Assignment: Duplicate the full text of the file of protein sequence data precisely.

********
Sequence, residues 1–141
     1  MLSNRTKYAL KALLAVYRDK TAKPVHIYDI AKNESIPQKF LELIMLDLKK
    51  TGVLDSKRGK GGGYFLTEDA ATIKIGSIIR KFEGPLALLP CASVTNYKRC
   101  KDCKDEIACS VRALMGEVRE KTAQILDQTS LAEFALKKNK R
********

Sequence, residues 1–141
     1  MLSNRTKYAL KALLAVYRDK TAKPVHIYDI AKNESIPQKF LELIMLDLKK
    51  TGVLDSKRGK GGGYFLTEDA ATIKIGSIIR KFEGPLALLP CASVTNYKRC
   101  KDCKDEIACS VRALMGEVRE KTAQILDQTS LAEFALKKNK R